There's my sweet little Addi at 17 months. Her older sister introduced her to ipods and ear-buds already, under strict sibling supervision of course, and Addi likes to dance standing next to big sis.
What a sweetie. But Addi the Sweet earned herself another nickname this year, a name given to her from frequent moments she creates in our home such as this:
Addi does not like things in baskets, things in drawers, things in stacks or things in rows. She does not like them here, she does not like them there, she does not like them anywhere.
Kid Chaos does not like it when the room grows too quiet or the adults get too serious. If she senses a state of concentration, a semblance of order, settling into her habitat--she springs into motion, banging, clanging, pulling, pushing. . .or running to that magnetic refrigerator Leap Frog toy of madness:
The goal of the toy is to help babies make matches, learn their animals, pick up the tunes of some familiar kids songs and manipulate chunky puzzle pieces with their chubby little knuckle-less hands. The name of the toy is not Farmer Tad. That's the name we gave it because most times when you push the main button he yells at a decibel level usually reserved for jet planes: "HI! I'M FARMER TAD!" in an electronic voice supposedly simulating the dialect known as "redneck baby animal."
Push the button again and the toy begins to play such classics as The Farmer in the Dell and She'll Be Coming Around the Mountain, again at teenage garage band levels, but now in a synthesized banjo sound which could feature in the computer-animated version of the movie Deliverance.
Addi, aka Kid Chaos, tends to park herself in front of Farmer Tad right when older sister Micah is trying to do her math or when I'm cooking in the evening. . .
When I cook, I like to put on some music and make the whole process an enjoyable, and I don't mind saying, worshipful experience. It's the end of the day, the family is home, God is gracious and food shared around the table is one of life's greatest blessings. . .
I usually don't put on overtly Christian music (sorry Churchfolk) but something singer-songwriter oriented or a band that plays their own instruments and writes their own songs, something with no auto-tune or no sounds coming from a setting on a fancy keyboard.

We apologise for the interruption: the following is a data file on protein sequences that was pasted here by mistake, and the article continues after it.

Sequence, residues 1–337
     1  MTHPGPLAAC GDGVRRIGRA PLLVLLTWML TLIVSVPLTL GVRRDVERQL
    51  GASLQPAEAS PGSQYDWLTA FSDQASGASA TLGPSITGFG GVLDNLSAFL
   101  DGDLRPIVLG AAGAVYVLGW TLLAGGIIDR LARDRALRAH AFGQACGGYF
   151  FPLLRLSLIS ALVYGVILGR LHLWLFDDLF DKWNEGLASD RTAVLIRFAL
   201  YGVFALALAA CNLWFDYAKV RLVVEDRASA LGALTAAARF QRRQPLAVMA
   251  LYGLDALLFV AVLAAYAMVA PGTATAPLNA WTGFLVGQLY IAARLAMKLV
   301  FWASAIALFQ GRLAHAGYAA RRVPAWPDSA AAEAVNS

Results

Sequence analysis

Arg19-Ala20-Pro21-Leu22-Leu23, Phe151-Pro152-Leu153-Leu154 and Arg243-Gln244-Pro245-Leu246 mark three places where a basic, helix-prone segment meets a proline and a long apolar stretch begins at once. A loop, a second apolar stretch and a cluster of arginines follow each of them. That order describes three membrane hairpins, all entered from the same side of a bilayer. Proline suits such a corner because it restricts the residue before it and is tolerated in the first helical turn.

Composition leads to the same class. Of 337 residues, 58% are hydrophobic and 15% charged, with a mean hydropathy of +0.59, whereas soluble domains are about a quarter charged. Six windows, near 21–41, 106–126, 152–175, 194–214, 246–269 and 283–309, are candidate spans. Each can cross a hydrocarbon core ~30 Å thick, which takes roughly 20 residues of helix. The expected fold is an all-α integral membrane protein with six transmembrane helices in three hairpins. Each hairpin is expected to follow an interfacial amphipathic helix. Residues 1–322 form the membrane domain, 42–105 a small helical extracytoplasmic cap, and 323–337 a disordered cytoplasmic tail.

I had some Avett Brothers on the other night and I was particularly excited about the evening's meal though now I forget what it was. . .and the music was playing, I was chopping and dicing. . .the night was good and full of potential. . .
Then sweet little Addi, the Chaos Spinner, ran to Farmer Tad and camped there, pushing the button repeatedly, sending out one after the other of demonic banjo kid's classics.
Have you ever tried to concentrate when there are two songs playing in the room at the same time? I'm lucky I didn't lose a finger. It's not that there weren't distinct melodies being played, it was that there were two melodies being played, chosen by two very different DJs with opposing agendas.
The dissonance in my kitchen from the competing songs is something I believe many of us live with relationally every day.
It may be with our spouses, with other family members, with co-workers, or with God.
We have a song, a melody we want to play--that we demand to be heard! Our instrument will trumpet out its tune and it will be up to everyone else to get in line and play our song! I picture us, and myself in my pride, living our lives as one-person bands, strapped all over with many instruments, playing a solo of our own choosing (not unlike our friend Bert) and forcing everyone else to stand in the shadows with their little triangles, permitting them to strike the one note on the triangle whenever we deem best. . .
When good singers sing together, or good instrumentalists play together, they don’t all sing the same notes, but they sing the right notes: it’s what we call harmony.
One of the ways I like to view God is as The Great Conductor, conducting a Symphony of Redemption in the world. . .His wand of Patience and Sovereignty wooing all of our melodies to submit to being part of the music, showing us how we're all really called to be harmonies of the whole rather than solo melodies sending more chaos into the world.
Live in harmony with one another. Do not be proud, but be willing to associate with people of low position. Romans 12:16
Finally, all of you, live in harmony with one another; be sympathetic, love as brothers and sisters, be compassionate and humble. 1 Peter 3:8
The relational dissonance with God or with others often comes from a lack of submission of our "voices" and "instruments" to the Great Conductor. The attitude that others are "lower than us" or their melodies are not as important is not the way of humility and compassion. . .and not the way of those excited to play in the Grand Symphony of Redemption.
As we've said before here on the blog: We must love people for who they are and not for who we want them to be. You have to appreciate others' melodies and allow them to be that, trusting God with the rest. Don’t put expectations on them to be something they are not, do not demand a flute to sound like the saxophone you may be. (This paragraph is crucial for us married folks.)
If we keep our eyes on the Conductor, the notes we sound out won't be the same notes as everyone else, but they will be the right notes. He can masterfully weave our melodies into a myriad of wonderful harmonies. I like the sound of that much better than the mind-numbing chaos of a loony tunes kitchen full of competing songs.